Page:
About: Eleanor Roosevelt was first lady of the United States during her husband Franklin D Roosevelt’s four terms as president, but she was also a keen social reformer who advocated equal rights for women, African-Americans and workers. Her humanitarian work led future US president Harry S Truman to label her the ‘First Lady of the World’ – and, indeed, she was a driving force in creating the 1948 charter of liberties known as the Universal Declaration of Human Rights.
There is technically little concrete evidence that Eleanor spoke the quote above, although it is widely attributed to her (the same can be said about other inspirational sayings often credited to Eleanor, such as “no one can make you feel inferior without your consent” and “do one thing every day that scares you”). According to the New York Times, the ‘teabag’ adage is among former presidential candidate Hilary Clinton’s favourite inspirational quotes.
“People always say that I didn’t give up my seat because I was tired, but that isn’t true. I was not tired physically, or no more tired than I was at the end of a working day… No, the only tired I was, was tired of giving in.”
Who said it? Rosa Parks (1913–2005), American civil rights activist
About: Rosa Parks is best known for her pivotal role in the Montgomery bus boycott of 1955–6, which was sparked by an incident in which Parks refused to give up her seat on a racially segregated bus.
On the day in question, 42-year-old Parks was travelling home from work when a white driver told her (and other black passengers) to vacate their bus seats because segregation laws meant that white passengers had priority. Parks refused to move – even when police were called. Her subsequent arrest had major ramifications, leading to a 13-month boycott of city buses in one of the longest mass mobilisations of a black population ever witnessed in the United States.
A quote frequently (and inaccurately) attributed to Parks is: “Stand for something or you will fall for anything. Today’s mighty oak is yesterday’s nut that held its ground.” (Although if Parks’s actual words are to go by, it seems fair to say that she would agree with its sentiment).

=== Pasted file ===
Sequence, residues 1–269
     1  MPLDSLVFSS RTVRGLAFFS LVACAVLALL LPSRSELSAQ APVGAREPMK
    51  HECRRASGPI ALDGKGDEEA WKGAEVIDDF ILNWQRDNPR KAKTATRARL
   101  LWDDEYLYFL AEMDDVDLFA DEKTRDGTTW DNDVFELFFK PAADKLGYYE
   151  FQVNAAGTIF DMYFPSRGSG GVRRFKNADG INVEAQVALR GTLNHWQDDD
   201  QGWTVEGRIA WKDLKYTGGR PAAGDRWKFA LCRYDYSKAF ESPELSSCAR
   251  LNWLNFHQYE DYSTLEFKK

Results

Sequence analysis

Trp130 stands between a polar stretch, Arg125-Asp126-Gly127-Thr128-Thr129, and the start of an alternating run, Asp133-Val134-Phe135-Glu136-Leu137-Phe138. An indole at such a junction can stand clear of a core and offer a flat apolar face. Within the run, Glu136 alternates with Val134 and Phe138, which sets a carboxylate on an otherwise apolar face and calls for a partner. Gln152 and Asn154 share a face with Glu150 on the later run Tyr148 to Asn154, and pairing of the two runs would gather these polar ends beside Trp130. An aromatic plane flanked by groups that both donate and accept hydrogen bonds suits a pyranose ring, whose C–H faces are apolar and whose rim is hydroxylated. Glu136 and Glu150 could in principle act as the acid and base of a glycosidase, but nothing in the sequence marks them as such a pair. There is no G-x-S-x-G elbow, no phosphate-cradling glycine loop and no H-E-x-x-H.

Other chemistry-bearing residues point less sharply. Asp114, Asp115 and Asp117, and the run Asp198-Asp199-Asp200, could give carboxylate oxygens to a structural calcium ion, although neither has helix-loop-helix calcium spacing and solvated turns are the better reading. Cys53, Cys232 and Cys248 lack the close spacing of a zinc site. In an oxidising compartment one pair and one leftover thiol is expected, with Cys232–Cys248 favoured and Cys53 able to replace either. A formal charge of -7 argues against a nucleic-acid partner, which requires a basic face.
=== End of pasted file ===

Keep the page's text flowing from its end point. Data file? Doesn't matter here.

“I believe myself to possess a most singular combination of qualities exactly fitted to make me pre-eminently a discoverer of the hidden realities of nature.”
Who said it? Ada Lovelace (1815–52), mathematician and writer
About: The only legitimate daughter of the poet Lord Byron, Ada Lovelace is best known for her work helping to develop Charles Babbage’s Analytical Engine, a calculation machine considered one of the earliest examples of a computer.
Exceptionally scholarly and passionate about learning, Lovelace’s intellectual curiosity was perhaps first encouraged by her mother, Anne Isabella Milbanke (Annabella). It was Annabella who took charge of her young daughter’s education, filling her days with lessons about music, mathematics and French.
Commenting on her achievements, biographer James Essinger notes that: “Lovelace is particularly intriguing as, not only was she a woman working during a period when men dominated the fields of science and mathematics, but she also had a unique and farsighted insight into the potential of computers.”
“There must be more equality established in society, or morality will never gain ground, and this virtuous equality will not rest firmly even when founded on a rock, if one half of mankind be chained to its bottom by fate, for they will be continually undermining it through ignorance or pride.”
Who said it? Mary Wollstonecraft (1759–97), author and early advocator of women’s rights
About: Mary Wollstonecraft is best known for her book A Vindication of the Rights of Woman (1792) in which she argued that women are not naturally inferior to men – a somewhat revolutionary concept at the time of her writing. As the quote above suggests, she was a passionate advocate for gender parity and considered equality of the sexes to be beneficial for the entire of humanity.